depression amid covid blog

How to Help Patients Manage Anxiety and Depression Amid COVID-19

Social isolation, frightening news reports, and fear around contracting coronavirus. All have increased stress levels tremendously.

Do your patients have trouble sleeping, lack energy, or have mood swings? They may be developing situational anxiety or depression. 

Along with recommending they seek help from a mental health professional, you can also show your patients self-care habits that help reduce stress.

Teach Patients the Power of Mindfulness

People get anxious when they worry about the future, and they become depressed when they dwell on the past. But when they live in the present moment, worries and regrets will melt away. 

Studies have found that meditation can reduce pain, increase quality of life and positively change the cognitive functioning of the brain. A recent study shows that even a short introduction to meditation can reduce negative feelings

The challenge is in getting the mind to come back to the present moment instead of wandering into the past or jumping into the future. 

You can recommend the meditation timer in the Well World app to your patients to get them started. You can also include a guided meditation or mindfulness instruction. Record your instructions in a video, and upload to your plan for your patients to access in the app. 

Have them sit for 5 minutes a day to start, and teach them to focus on their breath. As they get used to meditating, have them increase the amount of time they spend sitting each day. 

If they have trouble staying focused, you can teach them to silently repeat a mantra as they breathe. A simple one is “Breathe in peace, breathe out worry.”

And if your patients prefer movement to sit, you can recommend mindful walking or exercises that integrate movement and meditation such as yoga or tai chi. 

Encourage Patients to Practice Green Bathing

It is easy to forget our place in the world when we live plugged into technology and modern life. Many of us work on computers. We live sealed in climate-controlled houses or apartment buildings. We travel in air-conditioned cars. 

But we humans are animals that are part of the natural world. We are nature. That’s why walking in the woods, swimming in the ocean and climbing up mountains feel so good. 

Studies have shown that green bathing by walking through the forest can lower cortisol levels. Living near green spaces can reduce the risk of chronic conditions. A review of nature therapy also found that greenery helps people physically relax and boost weakened immune functions to help prevent diseases. 

Even looking at greenery can promote healing; a study of hospital patients found that those who could see plants or trees from their window recovered faster than those staying in rooms facing brick walls. That’s why more hospitals are adding gardens to their design. 

Your patients can lower their stress levels by spending time in local parks or in their backyard. Walking or exercising in nature can support both mental and physical health. Gardening can feed two birds with one seed: enjoying more time outside while also watching the fruits of their labor blossom into flowers or produce food.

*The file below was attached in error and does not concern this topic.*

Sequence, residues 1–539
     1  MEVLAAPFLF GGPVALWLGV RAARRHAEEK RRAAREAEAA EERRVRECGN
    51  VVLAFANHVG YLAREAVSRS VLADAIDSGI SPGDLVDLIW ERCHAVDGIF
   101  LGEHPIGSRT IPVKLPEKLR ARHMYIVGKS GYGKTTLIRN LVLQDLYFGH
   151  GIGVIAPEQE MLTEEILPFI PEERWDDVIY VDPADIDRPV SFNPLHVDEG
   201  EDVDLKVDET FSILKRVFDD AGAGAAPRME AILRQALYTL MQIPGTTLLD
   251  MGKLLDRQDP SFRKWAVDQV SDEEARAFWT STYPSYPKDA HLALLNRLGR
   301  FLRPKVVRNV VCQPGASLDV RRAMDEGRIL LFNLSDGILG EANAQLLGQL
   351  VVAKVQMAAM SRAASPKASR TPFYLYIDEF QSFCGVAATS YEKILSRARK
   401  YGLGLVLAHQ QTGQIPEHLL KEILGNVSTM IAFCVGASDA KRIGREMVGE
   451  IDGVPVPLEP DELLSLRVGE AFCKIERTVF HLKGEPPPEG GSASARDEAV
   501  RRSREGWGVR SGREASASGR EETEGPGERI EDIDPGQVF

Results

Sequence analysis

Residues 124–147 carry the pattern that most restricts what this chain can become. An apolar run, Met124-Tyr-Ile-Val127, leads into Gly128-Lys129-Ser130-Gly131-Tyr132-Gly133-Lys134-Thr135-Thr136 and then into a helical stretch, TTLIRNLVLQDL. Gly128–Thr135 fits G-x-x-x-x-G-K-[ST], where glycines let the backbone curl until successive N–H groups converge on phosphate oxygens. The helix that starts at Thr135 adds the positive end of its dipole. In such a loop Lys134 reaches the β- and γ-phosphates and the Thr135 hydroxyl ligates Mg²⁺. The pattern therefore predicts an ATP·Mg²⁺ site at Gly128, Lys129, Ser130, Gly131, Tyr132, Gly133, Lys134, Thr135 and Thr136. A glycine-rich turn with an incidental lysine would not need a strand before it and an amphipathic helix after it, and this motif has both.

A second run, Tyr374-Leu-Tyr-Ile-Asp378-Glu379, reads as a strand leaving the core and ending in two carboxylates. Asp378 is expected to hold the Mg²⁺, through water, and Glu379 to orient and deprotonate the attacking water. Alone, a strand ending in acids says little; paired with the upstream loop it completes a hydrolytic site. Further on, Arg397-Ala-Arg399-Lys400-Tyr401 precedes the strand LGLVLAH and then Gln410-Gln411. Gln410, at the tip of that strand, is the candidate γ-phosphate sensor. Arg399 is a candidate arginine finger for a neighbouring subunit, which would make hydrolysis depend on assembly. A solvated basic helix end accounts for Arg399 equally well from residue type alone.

If they can maintain social distance, you can recommend patients go on overnight camping trips or on day hikes. Or why not camp out in their own back yard! Sleeping on the ground or walking barefoot can help patients feel more grounded and connected to planet earth.

Have Patients Tend to Sleep Hygiene

Your patients may have difficulty sleeping if they have high levels of anxiety or mood swings, and especially if they are watching more television and news reports. 

To help them get better sleep you can recommend: 

  • Having their last caffeinated beverage by noon each day
  • Having their last meal 3 hours before going to bed
  • Getting off laptops, cell phones and TV at least 1-2 hours before turning in 
  • Using amber glasses to block blue light if they have a hard time winding down
  • A regular sleep schedule – get into bed by 10 or 11 pm, wake up at 6 or 7 am each day
  • Reading a paper book (notebook) before bed

If they still have trouble sleeping, you may want to recommend supplements that can support sleep and balance moods. 

  • Melatonin – naturally produced by the pineal gland in the brain at night, studies have found that supplementing with it can help people overcome jet lag, fall asleep faster and stay asleep
  • L-Theanine – This amino acid which is found in tea leaves, has been found to improve sleep in humans
  • GABA (gamma butyric acid) – a naturally occurring chemical compound found in the brain, which has been found to help people fall asleep faster and have better quality sleep

In your Well World practitioner portal, you can prescribe supplements that can support a healthier mood balance and better sleep. Some good choices include:

  • Liposomal Neurocalm™  – which contains a unique blend of both GABA and L-theanine to support mental calm and a healthy response to stress.
  • 5-HTP Supreme™ – contains a synergistic formula of 5-hydroxytryptophan (100 mg) and vitamin B6 (20 mg) which may be used during the day to support healthy mood or appetite, or at bedtime to support sleep.

Overcoming anxiety, mood swings and depression may require support from a mental health professional. As a coach, you can support that process by teaching your patients how to practice mental and emotional self-care. 

If Your Client is in Trouble

If someone you know is struggling emotionally or having a hard time, you can be the difference in getting them the help they need.

The National Suicide Prevention Lifeline provides 24/7, free and confidential support for people in distress, prevention and crisis resources for you or your loved ones, and best practices for professionals. Call 1-800-273-8255